A New Sheriff in Town


September 6, 2016

So you probably know that President Barack Hussein Hussein Hussein Obama got dissed repeatedly during his trip to Asia. No one would dare treat Baby DonDon that way.

Vladimir Putin stared at Obama as if he were a fly in his soup. And Obama stared right back, mega-unfriendly. Me? Instead of a staredown with Vlad the Magnificent, the two of us would have had a long, very friendly topless brohug. Our meeting would have had a happy ending, that I can tell you.

Then there was that nasty greeting at China’s Scruyu Airport, where that awful Chinese official yelled at national security adviser Susan Rice and forced the president to get off the plane in an awkward way. Well, Baby DonDon would have taken a page from the 24 playbook. Remember the season-ending episode when the Chinese kidnapped Jack Bauer and made him disappear for years? Well, right back at you, China. This Chinese goon who shamed us would have vanished into our giant new Trumpster gulag.

No way I’m going echo Obama’s loser policy of Leading from Behind and Leading While Black. Not going to happen, folks.

Well, the last straw was when the president of the Philippines, mass murderer Rodrigo Duterte, called the president a “son of a bitch.” So Obama decided not to meet with him. Oh, that’s real tough, calling off a meeting. Me, I first would have said in Tagalog, “Mayroon akong isang Donald malaking titi.” Loose translation: “I am Donald of the great penis.”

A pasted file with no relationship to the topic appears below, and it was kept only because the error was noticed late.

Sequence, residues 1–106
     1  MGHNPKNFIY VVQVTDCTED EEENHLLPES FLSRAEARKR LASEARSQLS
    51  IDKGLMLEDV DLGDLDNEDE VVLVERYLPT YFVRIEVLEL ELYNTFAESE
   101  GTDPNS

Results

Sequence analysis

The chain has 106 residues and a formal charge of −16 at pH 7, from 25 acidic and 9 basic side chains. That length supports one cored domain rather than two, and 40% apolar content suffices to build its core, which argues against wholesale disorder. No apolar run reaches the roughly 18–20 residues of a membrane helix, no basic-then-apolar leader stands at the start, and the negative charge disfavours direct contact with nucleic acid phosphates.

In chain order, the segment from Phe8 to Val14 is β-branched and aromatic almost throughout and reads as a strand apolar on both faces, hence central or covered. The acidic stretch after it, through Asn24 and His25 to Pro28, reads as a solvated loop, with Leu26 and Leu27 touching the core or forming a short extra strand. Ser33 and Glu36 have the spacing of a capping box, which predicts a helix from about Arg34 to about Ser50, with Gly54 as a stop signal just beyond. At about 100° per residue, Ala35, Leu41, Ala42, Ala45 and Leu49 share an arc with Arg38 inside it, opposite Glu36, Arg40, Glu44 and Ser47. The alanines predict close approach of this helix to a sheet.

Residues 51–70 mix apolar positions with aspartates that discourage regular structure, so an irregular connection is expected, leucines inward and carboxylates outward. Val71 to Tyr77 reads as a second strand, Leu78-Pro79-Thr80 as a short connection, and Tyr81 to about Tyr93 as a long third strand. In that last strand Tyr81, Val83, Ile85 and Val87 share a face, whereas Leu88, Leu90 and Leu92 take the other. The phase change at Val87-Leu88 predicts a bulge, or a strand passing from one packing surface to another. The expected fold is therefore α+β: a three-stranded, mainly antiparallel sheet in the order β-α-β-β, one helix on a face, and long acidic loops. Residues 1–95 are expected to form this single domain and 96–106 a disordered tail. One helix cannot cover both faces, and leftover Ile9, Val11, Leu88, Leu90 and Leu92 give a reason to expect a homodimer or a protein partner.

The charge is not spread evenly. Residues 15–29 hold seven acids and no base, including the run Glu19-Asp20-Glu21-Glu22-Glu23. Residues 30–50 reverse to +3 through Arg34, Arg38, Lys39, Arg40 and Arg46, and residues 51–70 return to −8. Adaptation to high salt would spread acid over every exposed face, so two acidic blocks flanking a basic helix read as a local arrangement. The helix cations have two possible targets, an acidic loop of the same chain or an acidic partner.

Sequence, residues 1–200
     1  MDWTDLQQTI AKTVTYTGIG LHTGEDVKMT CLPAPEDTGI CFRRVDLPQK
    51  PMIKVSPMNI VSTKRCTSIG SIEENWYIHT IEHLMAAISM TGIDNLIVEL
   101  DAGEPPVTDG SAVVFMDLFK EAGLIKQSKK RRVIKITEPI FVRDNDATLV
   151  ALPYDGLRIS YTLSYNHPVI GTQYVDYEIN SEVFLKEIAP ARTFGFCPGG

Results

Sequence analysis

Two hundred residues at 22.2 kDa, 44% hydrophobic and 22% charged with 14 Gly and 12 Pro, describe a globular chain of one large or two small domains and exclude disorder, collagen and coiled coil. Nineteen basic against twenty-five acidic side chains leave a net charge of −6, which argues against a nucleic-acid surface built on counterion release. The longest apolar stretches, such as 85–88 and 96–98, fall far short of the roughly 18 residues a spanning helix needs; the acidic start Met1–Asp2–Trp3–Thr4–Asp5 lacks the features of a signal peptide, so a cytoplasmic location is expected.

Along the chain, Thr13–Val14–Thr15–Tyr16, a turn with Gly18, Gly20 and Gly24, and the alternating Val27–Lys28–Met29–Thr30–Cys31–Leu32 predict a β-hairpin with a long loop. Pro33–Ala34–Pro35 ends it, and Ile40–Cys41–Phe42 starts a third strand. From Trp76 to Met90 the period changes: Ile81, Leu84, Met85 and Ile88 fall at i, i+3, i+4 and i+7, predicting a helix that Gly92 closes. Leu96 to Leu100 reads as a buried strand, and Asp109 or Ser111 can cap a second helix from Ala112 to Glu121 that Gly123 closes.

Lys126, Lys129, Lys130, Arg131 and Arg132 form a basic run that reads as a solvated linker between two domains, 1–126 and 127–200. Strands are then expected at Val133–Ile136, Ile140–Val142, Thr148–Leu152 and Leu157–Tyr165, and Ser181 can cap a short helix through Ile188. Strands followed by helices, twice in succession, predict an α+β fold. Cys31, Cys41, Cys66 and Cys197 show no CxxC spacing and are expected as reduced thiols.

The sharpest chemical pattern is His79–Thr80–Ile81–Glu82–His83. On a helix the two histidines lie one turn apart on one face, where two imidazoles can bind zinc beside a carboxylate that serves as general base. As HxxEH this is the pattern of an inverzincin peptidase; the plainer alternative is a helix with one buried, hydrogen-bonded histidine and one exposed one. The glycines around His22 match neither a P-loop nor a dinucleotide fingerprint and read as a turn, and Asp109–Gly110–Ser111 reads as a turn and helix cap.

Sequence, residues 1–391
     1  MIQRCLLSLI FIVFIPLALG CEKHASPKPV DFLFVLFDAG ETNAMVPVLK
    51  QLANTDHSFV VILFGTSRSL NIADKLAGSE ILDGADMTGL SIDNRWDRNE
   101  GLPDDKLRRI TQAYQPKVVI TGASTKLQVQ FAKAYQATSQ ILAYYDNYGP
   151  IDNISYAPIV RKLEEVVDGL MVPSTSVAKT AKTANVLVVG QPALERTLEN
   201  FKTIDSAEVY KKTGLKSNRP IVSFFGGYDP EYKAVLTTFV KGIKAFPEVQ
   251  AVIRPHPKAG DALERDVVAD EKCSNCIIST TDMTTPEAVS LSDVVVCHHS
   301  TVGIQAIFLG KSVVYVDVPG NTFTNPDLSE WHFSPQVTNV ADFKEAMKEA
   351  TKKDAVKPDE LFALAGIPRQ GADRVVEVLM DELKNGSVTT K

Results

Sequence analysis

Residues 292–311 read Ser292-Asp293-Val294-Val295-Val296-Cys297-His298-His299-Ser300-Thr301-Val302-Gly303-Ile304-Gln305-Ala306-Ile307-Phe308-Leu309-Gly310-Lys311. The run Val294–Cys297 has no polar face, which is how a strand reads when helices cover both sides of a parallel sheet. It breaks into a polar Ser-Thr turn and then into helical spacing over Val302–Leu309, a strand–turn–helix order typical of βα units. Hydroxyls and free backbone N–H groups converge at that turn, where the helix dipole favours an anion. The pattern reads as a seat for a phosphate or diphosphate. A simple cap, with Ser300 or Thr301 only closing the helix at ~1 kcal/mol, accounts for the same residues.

Then I would have called him President MouseTurdy and announced that I would nuke one of the 7,641 islands that make up the Philippines. One of the great things about dealing with an archipelago nation is that you can easily destroy one of its islands without obliterating the entire country. It’s the best way of showing people you understand the nuclear triad.

Baby DonDon’s words are big but his actions will be even bigger.

The following two tabs change content below.
Andrew Feinberg is the author of Four Score and Seven, a novel that imagines Abe Lincoln comes back to life for two weeks during the 2016 campaign and encounters a candidate who, some say, resembles Donald Trump. It is available on Amazon. He is the author or co-author of five non-fiction books. His political journalism and humor have appeared in the New York Times, the Wall Street Journal, Playboy, GQ, Barron's and Kiplinger's Personal Finance.

Latest posts by Andrew Feinberg (see all)